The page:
June 10 through October 29, 2006

Born in 1861, Frederic Remington was a man who loved hard work and adventure. After training in art at Yale University, he decided to travel West in the 1880s, with dreams of striking it rich. Remington arrived during the last period of the old lawless West. The authenticity of his subject matter was immediately noticeable in work drawn for Harper’s Monthly, and in numerous drawings, paintings and bronzes, which depict the settlement of the American frontier.

In 1898, Remington ventured outside of the country, accompanying the Fifth Corps to Cuba as a war correspondent. Here he made many notable paintings and drawings documenting the war with Spain. One painting, Charge of the Rough Riders at San Juan Hill, helped bolster Theodore Roosevelt’s reputation as a soldier and his subsequent political career. Remington went on to illustrate several of Roosevelt’s books and magazine articles.

Remington’s life-long love of horses, resulted in numerous studies, skillfully depicting their peculiarities and strengths. His own article “Horses of the Plain” was published by The Country in 1889.

The Remington Memorial Museum was established in the artist’s home town of Ogdensburg, New York, following his death in 1909. His studio effects and Indian Collection, are preserved in the Whitney Gallery of Western Art in Cody, Wyoming. Additional collections of his work can be found in the Amon Carter Museum in Fort Worth, Texas, and in the Thomas Gilcrease Museum in Tulsa, Oklahoma.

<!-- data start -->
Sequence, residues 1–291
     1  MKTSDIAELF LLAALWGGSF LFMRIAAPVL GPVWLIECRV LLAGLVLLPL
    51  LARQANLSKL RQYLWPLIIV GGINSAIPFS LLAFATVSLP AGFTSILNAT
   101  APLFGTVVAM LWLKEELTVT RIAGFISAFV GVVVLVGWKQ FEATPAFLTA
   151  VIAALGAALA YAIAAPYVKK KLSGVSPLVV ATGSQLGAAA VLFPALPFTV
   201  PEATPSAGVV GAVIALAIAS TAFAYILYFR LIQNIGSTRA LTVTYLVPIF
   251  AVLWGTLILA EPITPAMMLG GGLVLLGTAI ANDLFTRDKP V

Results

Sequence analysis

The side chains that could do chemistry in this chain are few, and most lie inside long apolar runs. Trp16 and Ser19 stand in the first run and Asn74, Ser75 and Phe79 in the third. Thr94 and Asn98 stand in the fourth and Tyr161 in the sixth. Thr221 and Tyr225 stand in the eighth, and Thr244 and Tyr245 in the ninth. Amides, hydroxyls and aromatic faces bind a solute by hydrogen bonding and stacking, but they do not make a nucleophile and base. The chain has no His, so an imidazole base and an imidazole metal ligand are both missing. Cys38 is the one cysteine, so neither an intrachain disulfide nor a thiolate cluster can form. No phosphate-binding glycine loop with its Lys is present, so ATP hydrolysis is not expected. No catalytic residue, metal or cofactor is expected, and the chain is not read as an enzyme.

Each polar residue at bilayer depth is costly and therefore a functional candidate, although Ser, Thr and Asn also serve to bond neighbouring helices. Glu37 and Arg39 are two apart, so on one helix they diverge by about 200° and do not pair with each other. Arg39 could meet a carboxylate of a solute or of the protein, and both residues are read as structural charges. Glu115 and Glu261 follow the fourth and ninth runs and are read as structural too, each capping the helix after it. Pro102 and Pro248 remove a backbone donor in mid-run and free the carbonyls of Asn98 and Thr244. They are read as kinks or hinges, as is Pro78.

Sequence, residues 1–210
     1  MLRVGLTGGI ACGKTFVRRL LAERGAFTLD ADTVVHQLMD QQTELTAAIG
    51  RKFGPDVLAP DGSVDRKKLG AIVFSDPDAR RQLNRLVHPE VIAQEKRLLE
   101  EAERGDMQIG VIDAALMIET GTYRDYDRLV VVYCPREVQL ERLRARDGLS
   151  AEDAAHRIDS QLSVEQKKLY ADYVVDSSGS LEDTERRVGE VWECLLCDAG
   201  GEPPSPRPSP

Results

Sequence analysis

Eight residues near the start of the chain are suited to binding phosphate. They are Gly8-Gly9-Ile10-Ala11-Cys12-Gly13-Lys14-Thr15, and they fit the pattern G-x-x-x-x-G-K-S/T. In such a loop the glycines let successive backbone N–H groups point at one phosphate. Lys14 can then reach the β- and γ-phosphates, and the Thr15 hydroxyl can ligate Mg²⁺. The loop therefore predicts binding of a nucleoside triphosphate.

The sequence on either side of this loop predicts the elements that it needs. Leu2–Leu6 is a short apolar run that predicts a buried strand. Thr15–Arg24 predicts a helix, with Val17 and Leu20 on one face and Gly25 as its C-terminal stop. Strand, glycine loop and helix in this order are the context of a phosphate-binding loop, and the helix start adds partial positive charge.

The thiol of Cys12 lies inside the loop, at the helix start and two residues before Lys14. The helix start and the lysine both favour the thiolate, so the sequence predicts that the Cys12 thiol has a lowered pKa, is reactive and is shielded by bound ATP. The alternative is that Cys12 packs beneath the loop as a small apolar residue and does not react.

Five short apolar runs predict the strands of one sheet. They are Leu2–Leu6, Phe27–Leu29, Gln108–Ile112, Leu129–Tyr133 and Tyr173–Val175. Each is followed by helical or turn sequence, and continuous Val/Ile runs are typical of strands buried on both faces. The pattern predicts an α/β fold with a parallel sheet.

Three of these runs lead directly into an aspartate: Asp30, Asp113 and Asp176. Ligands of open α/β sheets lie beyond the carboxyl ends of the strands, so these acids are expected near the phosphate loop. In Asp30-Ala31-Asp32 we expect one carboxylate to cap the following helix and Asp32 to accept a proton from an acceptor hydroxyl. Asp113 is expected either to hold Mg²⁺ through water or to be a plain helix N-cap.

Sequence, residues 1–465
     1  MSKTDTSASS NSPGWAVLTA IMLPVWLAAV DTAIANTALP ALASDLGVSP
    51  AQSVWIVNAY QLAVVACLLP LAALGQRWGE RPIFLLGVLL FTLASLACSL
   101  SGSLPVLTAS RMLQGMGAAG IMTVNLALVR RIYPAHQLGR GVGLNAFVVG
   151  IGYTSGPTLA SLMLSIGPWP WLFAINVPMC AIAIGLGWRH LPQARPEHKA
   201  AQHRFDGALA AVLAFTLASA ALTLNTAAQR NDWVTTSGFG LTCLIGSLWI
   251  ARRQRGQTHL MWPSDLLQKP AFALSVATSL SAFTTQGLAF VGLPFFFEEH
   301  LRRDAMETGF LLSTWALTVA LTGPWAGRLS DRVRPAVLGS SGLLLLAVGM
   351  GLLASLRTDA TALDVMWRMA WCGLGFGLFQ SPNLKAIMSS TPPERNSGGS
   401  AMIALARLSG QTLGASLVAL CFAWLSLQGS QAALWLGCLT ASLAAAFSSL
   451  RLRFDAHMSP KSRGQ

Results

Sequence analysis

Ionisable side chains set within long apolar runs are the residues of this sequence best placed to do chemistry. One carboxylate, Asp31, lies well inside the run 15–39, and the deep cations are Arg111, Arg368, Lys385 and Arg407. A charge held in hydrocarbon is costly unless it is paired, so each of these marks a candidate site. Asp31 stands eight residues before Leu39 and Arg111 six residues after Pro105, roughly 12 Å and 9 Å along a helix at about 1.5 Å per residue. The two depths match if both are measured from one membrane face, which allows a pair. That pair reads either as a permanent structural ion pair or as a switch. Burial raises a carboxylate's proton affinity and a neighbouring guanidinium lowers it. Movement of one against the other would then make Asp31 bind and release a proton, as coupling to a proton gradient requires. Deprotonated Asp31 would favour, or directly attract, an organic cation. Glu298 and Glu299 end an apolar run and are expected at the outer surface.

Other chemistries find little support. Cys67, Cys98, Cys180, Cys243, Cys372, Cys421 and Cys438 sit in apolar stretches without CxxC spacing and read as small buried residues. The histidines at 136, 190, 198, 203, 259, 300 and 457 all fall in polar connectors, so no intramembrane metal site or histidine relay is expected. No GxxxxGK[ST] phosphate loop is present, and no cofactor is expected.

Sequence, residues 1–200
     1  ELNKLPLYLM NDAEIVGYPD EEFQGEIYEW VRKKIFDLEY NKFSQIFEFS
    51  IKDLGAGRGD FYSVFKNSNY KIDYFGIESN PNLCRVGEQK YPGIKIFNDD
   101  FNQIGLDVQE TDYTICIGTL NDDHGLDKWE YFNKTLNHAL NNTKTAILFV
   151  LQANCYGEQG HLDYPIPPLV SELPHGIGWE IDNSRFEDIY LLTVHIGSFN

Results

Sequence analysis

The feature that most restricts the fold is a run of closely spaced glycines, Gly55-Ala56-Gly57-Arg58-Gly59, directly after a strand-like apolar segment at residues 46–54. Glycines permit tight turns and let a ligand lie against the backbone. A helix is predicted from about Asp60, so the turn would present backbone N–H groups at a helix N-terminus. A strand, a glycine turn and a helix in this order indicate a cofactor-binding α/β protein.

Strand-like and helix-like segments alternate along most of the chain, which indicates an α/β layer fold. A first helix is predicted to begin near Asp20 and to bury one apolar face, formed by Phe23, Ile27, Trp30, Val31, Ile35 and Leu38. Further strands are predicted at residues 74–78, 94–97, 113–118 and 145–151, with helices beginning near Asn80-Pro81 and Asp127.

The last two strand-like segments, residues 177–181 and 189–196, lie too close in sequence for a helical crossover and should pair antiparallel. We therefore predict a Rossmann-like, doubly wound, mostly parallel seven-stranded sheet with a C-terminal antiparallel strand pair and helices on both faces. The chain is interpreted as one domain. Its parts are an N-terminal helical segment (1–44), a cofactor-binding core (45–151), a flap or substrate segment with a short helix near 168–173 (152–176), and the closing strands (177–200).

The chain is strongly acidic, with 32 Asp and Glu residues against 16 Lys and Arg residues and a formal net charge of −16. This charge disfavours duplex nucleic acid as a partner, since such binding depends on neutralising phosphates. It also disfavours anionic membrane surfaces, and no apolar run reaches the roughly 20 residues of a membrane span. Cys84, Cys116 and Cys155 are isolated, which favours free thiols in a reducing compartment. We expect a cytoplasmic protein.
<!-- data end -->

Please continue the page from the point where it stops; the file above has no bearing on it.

Women in Illustration: Contemporary Visions and Voices

March 6, through May 31, 2004
  • Natalie Ascencios
  • Cathie Bleck
  • Yvonne Buchanan
  • Elizabeth Buttler
  • Alice Carter
  • Kinuko Y. Craft
  • Cora Lynn Deibler
  • Elaine Duillo
  • Jane Dyer
  • Teresa Fasolino
  • Mary GrandPré
  • Susan Jeffers
  • Frances Jetter
  • Maira Kalman
  • Anita Kunz
  • Barbara Nessim
  • Lynn Pauley
  • Ruth Sanderson
  • Whitney Sherman
  • Cathleen Toelke



David Macaulay featured in Building Books:
The Art of David Macaulay

November 13, 2004 through May 30, 2005

As a young boy in Lancashire, England, David Macaulay was fascinated by the way objects are made and how they operate. Out of cigar boxes, he constructed elevators. Using yarn, he made intricate systems of moving cable cars. In 1988, using his remarkable talents for translating concepts and information to the printed page, he was asked to illustrate The Way Thing Work: From Levers to Lasers. Macaulay has since expanded the book to include digital technology. The artist's books have sold two million copies in America and have been published in a dozen languages, and Cathedral, Castle, and Pyramid have been made into popular PBS television programs. Macaulay is the recipient of many prestigious awards, including the Caldecott Medal and Honor Awards.